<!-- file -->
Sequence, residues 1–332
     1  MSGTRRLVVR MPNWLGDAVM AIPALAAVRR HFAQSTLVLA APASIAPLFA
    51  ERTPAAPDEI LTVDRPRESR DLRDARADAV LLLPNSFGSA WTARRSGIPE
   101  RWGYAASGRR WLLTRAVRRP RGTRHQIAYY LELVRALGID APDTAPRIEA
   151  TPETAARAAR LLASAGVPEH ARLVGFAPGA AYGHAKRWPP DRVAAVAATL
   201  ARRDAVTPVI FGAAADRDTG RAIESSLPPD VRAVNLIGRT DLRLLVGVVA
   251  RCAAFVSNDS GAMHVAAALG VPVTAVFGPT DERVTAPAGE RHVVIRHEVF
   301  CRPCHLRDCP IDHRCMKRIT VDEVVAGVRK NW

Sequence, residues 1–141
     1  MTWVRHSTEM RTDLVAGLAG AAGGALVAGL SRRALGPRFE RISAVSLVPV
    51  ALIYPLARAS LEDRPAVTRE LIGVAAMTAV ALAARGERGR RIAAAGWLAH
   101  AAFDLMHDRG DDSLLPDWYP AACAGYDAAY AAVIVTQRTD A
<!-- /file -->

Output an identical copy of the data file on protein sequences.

Sequence, residues 1–332
     1  MSGTRRLVVR MPNWLGDAVM AIPALAAVRR HFAQSTLVLA APASIAPLFA
    51  ERTPAAPDEI LTVDRPRESR DLRDARADAV LLLPNSFGSA WTARRSGIPE
   101  RWGYAASGRR WLLTRAVRRP RGTRHQIAYY LELVRALGID APDTAPRIEA
   151  TPETAARAAR LLASAGVPEH ARLVGFAPGA AYGHAKRWPP DRVAAVAATL
   201  ARRDAVTPVI FGAAADRDTG RAIESSLPPD VRAVNLIGRT DLRLLVGVVA
   251  RCAAFVSNDS GAMHVAAALG VPVTAVFGPT DERVTAPAGE RHVVIRHEVF
   301  CRPCHLRDCP IDHRCMKRIT VDEVVAGVRK NW

Sequence, residues 1–141
     1  MTWVRHSTEM RTDLVAGLAG AAGGALVAGL SRRALGPRFE RISAVSLVPV
    51  ALIYPLARAS LEDRPAVTRE LIGVAAMTAV ALAARGERGR RIAAAGWLAH
   101  AAFDLMHDRG DDSLLPDWYP AACAGYDAAY AAVIVTQRTD A